But you know what? I put the square-head key (the oval-head one operated only the doors, of course – something else that I’ll never forget) into the ignition, pondered for a moment as to whether I’d have to open the choke until I remembered that throttle body injection had arrived two years earlier in the Suburban, and turned it. The 5.7 liter (350 cubic inch) V8 fired to life immediately and settled into a fairly fast idle. Most older Suburbans, including this one, lack a tach, but it was clear that idle was over 1000 RPM, and remained there even after I returned from my drive.
I grabbed the extremely skinny column shifter and pulled it into OD (the fact that this relic had a four speed automatic, and a 2007 Suburban did as well, is a bit scary). I gently pulled away under the pleasant burble of V8 exhaust coupled with the unpleasant exhaust smell of a vehicle not held to contemporary emission standards any longer. Its recirculating ball steering was slow and leisurely, but it’s exactly how I remembered it. The radio worked and the air conditioning blew cold air. The brakes weren’t mushy and didn’t lock prematurely (no ABS in this one – that was a few years into the future for the Suburban).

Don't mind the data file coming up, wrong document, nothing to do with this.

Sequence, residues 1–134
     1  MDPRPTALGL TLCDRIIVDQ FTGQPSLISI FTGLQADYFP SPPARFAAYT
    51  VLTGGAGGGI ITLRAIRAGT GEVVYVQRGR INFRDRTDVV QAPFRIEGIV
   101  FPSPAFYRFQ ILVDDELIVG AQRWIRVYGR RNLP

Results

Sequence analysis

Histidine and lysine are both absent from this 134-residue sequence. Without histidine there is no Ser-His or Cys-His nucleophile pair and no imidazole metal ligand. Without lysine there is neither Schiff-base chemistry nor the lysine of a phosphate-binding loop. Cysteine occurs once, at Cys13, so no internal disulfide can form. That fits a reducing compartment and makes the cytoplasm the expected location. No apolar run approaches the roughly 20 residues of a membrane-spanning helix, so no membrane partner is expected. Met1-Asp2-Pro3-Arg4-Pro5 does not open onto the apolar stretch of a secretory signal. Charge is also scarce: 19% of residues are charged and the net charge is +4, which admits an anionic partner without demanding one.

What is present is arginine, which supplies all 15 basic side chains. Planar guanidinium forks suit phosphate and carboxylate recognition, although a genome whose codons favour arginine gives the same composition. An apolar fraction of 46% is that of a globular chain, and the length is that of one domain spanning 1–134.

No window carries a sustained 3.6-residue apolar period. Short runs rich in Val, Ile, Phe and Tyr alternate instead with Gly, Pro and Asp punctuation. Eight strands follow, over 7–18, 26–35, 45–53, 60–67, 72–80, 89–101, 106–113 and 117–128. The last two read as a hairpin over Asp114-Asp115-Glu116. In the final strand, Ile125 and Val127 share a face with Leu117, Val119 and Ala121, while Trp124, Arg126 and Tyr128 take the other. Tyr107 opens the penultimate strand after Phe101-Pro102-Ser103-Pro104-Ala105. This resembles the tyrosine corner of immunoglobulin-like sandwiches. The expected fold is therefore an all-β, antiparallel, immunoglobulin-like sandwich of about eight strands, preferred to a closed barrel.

Actually, what I found most shocking about the driving experience was the complete lack of power. I checked the spec sheet online; the 5.7 liter V8 in the Suburban produced 210 horsepower and 300 lb-ft of torque. Granted, by lacking comfort and safety equipment, this is certainly lighter than a modern Suburban, but when modern four cylinder turbos routinely out-power (and nearly match the torque) of your V8, that’s what a horsepower deficit feels like. That my parents were able to tow a 7,000 pound (when loaded) car trailer behind a similarly-equipped Suburban just shows how expectations have changed. I said that the 320-horsepower 5.3 liter V8 in the 2012 Suburban felt underpowered; this redefines ‘underpowered.’ Flooring the accelerator changes the soundtrack, but in looking down at the 85 MPH speedometer, it’s clear that you’re not going to win any races in one of these. I haven’t mentioned that GM’s current 6.2 liter V8 in the Yukon XL Denali and Cadillac Escalade – modern descendants of this Suburban – produces nearly double its horsepower, at 403 ponies.